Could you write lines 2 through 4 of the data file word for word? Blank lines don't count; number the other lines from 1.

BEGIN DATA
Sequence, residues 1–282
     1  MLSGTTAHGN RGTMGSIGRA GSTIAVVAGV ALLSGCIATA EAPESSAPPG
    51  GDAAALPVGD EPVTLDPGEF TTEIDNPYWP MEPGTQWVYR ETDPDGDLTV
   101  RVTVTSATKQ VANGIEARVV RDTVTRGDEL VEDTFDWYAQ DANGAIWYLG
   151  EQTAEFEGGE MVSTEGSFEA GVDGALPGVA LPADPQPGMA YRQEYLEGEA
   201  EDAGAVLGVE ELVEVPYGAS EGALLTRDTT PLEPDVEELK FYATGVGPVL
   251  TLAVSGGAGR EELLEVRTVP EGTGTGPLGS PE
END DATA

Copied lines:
     1  MLSGTTAHGN RGTMGSIGRA GSTIAVVAGV ALLSGCIATA EAPESSAPPG
    51  GDAAALPVGD EPVTLDPGEF TTEIDNPYWP MEPGTQWVYR ETDPDGDLTV
   101  RVTVTSATKQ VANGIEARVV RDTVTRGDEL VEDTFDWYAQ DANGAIWYLG